July 27, 2011 |
Walt Disney Co. has made a $454-million offer to acquire Mumbai media company UTV Software Communications Ltd. as it seeks to capitalize on the rapidly growing yet fiercely competitive Indian market. Disney offered about $22.68 (1,000 rupees) a share to buy the remaining 49.6% stake it does not already own in UTV, a firm that started out in television production but has expanded into movies, games and other forms of interactive content. Among its claims to fame, UTV says it launched India's first daily soap opera, "Shanti," in 1995.
June 26, 2010 |
It's 5 o'clock on a Tuesday afternoon and James, Moses and Santosh are into their third (or is it fourth?) pitcher of Kingfisher beer at the Down Town pub in Bangalore, enjoying last call of the "gulp one, get one free" happy hour, which actually runs for 7 1/2 hours, but who's counting? The twentysomething students and part-time IT workers won't give their last names because, they explain, if their parents knew they were drinking, they'd be in big trouble. "It's a break from work pressure," says James, 21. "Everyone drinks in our college, but our parents still think drinking is a terrible habit."
March 15, 2006 |
Thousands of Indians blocked highways with burning tires and rubble to protest U.S. free trade talks as a second day of demonstrations began to hurt the Andean country's economy. Protesters scuffled with police sent to contain protests in eight central highland provinces, where roadblocks halted agricultural shipments.
October 3, 2002
Re "State Sues Tribe Over Reporting of Gifts," Sept. 27: I have been an ardent champion of tribal autonomy in the U.S. But I find certain inconsistencies when tribes try to overreach in justifying their "sovereignty." In the case of not acknowledging their obligation to report election contributions to the Fair Political Practices Commission, I contend that they are indeed asserting sovereignty and therefore should be denied the option to contribute, since they are tantamount to a foreign country.
March 24, 2012 |
The Dodgers defeated the Indians, 5-4, on Saturday when they scored three times in the seventh inning -- two on a triple by Luis Cruz-- and yet my favorite part of the game easily came in the first. It included a leadoff bunt single, a steal of second base and an advance to third on the catcher's throwing error, and run-scoring groundout to short. Any guesses? Yep, Dee Gordon struck again. Dropped a little bunt down the third-base line and then created a run almost entirely by himself.
May 30, 2003 |
At least 22 Indians were killed in Ecuador's Amazon jungle in a clash with a neighboring Indian community, officials said. Tagaeri Indians living in the jungle, about 94 miles southeast of Quito, were killed by members of another Indian group, apparently in a revenge attack involving a previous slaying, an indigenous leader said. The small Tagaeri group is part of the Huaorani ethnic group but has clashed with fellow members who have entered its territory.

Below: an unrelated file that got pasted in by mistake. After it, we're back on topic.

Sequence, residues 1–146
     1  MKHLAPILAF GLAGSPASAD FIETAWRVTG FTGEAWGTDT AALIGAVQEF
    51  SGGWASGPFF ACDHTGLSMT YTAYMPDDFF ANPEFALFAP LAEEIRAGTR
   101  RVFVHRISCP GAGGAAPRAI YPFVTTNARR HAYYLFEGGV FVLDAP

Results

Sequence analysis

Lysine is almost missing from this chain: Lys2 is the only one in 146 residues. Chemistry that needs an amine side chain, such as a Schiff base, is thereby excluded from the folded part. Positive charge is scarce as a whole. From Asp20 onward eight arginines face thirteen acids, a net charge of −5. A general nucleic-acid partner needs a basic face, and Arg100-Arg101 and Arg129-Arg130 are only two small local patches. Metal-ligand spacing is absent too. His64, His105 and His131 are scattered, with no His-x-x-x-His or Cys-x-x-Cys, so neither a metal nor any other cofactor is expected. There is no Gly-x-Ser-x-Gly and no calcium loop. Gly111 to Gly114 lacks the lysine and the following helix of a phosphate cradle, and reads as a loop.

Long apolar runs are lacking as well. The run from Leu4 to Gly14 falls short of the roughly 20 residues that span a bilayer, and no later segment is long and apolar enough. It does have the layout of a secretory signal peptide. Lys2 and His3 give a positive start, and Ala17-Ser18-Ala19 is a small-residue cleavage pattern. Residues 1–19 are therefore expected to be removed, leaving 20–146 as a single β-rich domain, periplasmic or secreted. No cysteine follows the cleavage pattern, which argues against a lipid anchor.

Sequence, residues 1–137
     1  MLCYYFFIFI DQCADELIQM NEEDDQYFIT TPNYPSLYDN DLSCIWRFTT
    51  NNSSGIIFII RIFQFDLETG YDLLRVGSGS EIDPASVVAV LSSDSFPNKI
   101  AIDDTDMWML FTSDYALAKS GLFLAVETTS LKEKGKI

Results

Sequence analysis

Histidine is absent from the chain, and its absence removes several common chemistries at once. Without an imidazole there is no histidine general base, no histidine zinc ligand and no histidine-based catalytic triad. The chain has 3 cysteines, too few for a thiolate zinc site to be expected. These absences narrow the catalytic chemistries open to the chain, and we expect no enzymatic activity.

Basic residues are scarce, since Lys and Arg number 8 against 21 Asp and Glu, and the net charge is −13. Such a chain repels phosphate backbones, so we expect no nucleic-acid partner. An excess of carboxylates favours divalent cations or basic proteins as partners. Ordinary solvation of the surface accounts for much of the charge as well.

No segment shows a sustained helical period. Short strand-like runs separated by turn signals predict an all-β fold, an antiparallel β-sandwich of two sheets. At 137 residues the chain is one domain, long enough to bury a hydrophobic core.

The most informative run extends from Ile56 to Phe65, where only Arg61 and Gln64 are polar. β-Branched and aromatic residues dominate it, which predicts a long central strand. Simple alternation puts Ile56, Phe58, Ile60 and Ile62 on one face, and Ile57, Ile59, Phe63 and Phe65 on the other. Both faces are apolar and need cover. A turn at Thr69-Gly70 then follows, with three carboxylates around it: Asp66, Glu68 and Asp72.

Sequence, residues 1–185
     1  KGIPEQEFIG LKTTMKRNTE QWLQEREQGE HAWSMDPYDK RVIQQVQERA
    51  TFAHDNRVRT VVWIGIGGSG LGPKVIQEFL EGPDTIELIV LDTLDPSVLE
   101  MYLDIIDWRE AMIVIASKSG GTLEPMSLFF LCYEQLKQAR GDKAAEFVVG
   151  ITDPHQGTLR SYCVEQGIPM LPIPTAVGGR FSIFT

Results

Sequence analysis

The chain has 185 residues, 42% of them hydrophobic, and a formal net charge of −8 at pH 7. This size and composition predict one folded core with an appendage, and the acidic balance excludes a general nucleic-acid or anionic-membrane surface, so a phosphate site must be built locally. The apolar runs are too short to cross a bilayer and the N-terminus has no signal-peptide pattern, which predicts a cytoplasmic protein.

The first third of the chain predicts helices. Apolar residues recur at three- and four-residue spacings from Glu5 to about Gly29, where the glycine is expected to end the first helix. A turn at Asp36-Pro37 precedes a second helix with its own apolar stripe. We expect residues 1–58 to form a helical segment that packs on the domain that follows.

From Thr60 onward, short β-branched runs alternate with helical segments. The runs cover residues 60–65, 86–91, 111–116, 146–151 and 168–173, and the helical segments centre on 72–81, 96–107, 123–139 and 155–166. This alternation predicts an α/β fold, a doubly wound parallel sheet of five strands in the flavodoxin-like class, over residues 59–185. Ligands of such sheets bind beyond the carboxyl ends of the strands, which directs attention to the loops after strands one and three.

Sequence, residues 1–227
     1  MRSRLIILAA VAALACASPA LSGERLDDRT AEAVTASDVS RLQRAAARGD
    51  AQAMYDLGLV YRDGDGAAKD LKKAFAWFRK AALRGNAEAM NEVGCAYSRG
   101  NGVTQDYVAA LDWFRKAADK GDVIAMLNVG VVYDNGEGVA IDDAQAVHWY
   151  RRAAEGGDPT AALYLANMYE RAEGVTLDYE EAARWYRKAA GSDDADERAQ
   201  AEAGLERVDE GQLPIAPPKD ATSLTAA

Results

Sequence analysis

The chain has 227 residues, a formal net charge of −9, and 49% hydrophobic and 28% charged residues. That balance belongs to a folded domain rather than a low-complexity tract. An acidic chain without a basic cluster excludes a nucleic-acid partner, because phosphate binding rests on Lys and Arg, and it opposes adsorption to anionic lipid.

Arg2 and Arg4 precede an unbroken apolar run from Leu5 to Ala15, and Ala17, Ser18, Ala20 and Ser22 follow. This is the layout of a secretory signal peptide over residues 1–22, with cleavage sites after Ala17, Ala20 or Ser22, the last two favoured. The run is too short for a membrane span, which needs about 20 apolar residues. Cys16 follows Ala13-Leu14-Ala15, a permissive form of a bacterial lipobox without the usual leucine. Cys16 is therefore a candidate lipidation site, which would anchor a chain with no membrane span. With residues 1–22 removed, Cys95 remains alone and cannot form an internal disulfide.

September 12, 1987
Two weeks ago, the NBC game of the week featured the Dodger-Phillies contest. Last week, it was the Angels and the Orioles. Maybe this week it will be the Indians and the White Sox. Haven't the sports people at NBC heard of Toronto, or Minnesota, or Detroit, or San Francisco or St. Louis? If NBC maintains this current scheduling, their game of the week will turn into the game of the weak. KEVIN LAMAS Newbury Park
September 15, 1989 |
"The only good Indian is a dead Indian." Such dialogue, so odious by today's standards, was common in Western movies a few decades ago. It stemmed from a remark attributed to Gen. Philip H. Sheridan when he was introduced to a Comanche chief in 1869. "Me Tochoway," said the chief. "Me good Indian." "The only good Indians I ever saw were dead," Sheridan snapped. The attitude of the Indian fighter was illustrated in countless movies from 1920 to 1960.
August 7, 2003 |
President Lucio Gutierrez's alliance with Ecuador's powerful Indian movement collapsed Wednesday, ending vital support that catapulted him into office last year in one of Latin America's most politically unstable countries. Presidential spokesman Marcelo Cevallos said the governing alliance broke up after lawmakers from Pachakutik, the leftist political branch of the Indian movement, voted to defeat a labor reform bill required by the International Monetary Fund.
April 2, 2006 |
The leader of the Oglala Sioux Tribe is proposing to establish an abortion clinic on an Indian reservation -- within the reach of women who seek the service, but outside the reach of a new state law that imposes a ban on nearly all abortions. Tribal President Cecelia Fire Thunder, a former nurse, said it was the prohibition on abortions in cases of rape that drew her to speak out. Her tribe is based on the Pine Ridge Reservation in southwestern South Dakota. State Atty. Gen.